"Listen, I won a championship. I’ve been a Finals MVP. I’ve had All-Star games. I’m on every commercial you see. My life is good. But you have to keep going and keep going. You need things to push you, and I found them. There are always guys that are going to push me. LeBron and Kobe are two of the best talents this game has ever seen. If you want your name to be right there with them, you’ve got to continue working hard."
Wade's quote reminded me of a book I read last year. In it, professionals from various fields and walks of life talked about who had pushed them to achieve success.
The great Morgan Freeman (pictured above), one of my favorite actors, said he "was not allowed to quit when things got tough. I was not allowed to give up acting and try something else. I was just not allowed. There was always somebody there who gave me encouragement or help."
Several people credited their mothers or fathers with providing the support and positive reinforcement they needed to press on. According to Pablo Picasso, one of the world's great painters, his mother told him, "If you become a solider, you'll be a general. If you become a monk, you'll end up as Pope." He continued: "Instead, I became a painter and wound up as Picasso."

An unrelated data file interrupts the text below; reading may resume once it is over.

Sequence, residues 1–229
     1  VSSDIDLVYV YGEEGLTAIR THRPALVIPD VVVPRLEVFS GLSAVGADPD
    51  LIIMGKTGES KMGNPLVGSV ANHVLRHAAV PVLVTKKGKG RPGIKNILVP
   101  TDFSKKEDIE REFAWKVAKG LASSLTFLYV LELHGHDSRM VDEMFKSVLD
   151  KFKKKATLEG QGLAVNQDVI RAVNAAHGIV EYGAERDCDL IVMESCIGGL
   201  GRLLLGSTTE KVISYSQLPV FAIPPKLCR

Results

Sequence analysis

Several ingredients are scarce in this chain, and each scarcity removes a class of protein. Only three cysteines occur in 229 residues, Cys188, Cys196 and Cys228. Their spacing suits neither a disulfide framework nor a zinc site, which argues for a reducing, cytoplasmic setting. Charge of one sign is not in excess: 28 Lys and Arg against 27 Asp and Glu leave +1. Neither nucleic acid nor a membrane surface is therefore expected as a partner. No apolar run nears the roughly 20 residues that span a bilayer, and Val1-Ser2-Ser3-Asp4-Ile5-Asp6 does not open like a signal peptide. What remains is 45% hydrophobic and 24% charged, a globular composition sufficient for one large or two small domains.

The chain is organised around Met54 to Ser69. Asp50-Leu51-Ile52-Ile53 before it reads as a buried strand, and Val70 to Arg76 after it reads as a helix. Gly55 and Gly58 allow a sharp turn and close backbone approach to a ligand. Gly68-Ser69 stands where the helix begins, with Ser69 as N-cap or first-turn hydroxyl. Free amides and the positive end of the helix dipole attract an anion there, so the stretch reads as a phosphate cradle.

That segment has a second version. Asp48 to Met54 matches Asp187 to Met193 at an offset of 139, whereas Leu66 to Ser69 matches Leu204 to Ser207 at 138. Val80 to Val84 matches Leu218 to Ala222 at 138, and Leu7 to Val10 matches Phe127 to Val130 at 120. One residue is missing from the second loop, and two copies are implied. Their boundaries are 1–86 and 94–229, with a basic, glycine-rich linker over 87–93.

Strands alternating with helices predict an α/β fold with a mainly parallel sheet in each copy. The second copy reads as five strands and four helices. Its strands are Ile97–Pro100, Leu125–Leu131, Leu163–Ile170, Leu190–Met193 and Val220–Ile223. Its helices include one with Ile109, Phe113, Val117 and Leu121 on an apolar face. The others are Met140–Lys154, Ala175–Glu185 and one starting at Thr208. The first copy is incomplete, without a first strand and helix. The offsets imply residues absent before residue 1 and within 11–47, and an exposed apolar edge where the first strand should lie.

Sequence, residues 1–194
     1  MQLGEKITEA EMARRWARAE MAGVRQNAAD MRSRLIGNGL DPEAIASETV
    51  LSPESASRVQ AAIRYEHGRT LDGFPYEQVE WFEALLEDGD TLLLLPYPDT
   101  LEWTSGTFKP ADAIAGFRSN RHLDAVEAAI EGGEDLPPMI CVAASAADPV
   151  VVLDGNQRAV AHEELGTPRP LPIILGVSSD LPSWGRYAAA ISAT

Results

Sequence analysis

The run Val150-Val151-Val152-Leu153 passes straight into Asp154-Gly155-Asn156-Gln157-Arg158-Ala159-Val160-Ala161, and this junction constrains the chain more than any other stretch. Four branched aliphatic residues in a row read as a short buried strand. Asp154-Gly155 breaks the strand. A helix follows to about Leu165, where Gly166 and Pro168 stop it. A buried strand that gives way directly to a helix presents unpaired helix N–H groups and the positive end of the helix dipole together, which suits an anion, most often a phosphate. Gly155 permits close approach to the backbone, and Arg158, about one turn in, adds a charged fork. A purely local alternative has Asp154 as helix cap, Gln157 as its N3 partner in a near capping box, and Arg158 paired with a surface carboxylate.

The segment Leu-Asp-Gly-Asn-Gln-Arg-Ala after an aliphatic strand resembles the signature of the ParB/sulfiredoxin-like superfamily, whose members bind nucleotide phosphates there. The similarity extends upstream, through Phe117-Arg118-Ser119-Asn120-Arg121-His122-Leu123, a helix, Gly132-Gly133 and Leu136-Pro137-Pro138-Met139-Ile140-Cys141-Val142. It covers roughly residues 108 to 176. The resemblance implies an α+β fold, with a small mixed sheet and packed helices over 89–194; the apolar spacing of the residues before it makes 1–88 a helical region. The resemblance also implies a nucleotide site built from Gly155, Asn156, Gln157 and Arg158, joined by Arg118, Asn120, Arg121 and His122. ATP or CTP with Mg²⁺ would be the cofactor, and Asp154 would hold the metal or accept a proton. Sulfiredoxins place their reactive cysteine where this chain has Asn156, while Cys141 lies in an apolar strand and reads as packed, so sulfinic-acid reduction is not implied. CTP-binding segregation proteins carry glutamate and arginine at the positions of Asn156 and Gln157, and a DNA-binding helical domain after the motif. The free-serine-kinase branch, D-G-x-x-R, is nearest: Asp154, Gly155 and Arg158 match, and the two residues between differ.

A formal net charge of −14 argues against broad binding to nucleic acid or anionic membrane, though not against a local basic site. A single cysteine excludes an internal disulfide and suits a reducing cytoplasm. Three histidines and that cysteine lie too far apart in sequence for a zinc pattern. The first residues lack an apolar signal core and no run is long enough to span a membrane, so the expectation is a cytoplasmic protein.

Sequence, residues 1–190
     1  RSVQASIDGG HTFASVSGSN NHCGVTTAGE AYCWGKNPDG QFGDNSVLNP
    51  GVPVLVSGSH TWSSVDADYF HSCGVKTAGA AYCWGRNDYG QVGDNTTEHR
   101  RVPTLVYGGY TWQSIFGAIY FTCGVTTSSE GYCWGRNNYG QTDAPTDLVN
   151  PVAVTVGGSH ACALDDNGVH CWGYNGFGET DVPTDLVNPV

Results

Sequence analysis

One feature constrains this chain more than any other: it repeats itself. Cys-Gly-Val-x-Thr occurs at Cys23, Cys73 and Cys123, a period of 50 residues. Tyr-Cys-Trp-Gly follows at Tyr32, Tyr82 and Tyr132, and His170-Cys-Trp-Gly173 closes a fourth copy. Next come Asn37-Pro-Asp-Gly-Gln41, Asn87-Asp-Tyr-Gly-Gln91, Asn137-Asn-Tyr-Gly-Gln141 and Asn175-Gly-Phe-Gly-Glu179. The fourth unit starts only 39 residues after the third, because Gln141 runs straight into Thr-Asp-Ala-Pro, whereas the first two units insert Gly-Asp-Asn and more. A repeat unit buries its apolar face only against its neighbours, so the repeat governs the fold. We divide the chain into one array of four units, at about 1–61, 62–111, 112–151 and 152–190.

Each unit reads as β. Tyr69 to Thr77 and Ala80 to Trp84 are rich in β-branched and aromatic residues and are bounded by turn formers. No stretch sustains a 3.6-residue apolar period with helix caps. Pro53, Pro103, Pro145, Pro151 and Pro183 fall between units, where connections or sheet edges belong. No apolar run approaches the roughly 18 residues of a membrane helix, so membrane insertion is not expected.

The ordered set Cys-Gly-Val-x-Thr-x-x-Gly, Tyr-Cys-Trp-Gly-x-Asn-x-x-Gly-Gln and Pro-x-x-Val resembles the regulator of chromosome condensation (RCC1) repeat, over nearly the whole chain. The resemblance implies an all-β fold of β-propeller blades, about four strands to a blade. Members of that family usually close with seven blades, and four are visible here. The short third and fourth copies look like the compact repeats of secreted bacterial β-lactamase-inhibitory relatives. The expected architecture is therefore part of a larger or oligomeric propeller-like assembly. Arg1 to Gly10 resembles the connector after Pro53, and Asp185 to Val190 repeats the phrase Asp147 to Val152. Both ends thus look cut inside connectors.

Early in his cycling career, Lance Armstrong wanted to quit a race, telling his mother that he simply couldn't go any further. His mother replied that she wouldn't allow him to quit, even if he had to walk his bike across the finish line. "So Lance walked to the finish line."
Then there's Derek Hatfield, who was in a Trans-atlantic sailboat race when his mast broke. When he finally made it to land, he called his father to tell him he was quitting. "Bring the trailer, I'm dropping out of the race," recalls Hatfield.
His father was having none of it, saying, "I'm not bringing you the trailer. You get back on the boat and go to the finish line."
Hatfield "finished the race and became one of the few people who have ever sailed around the world alone."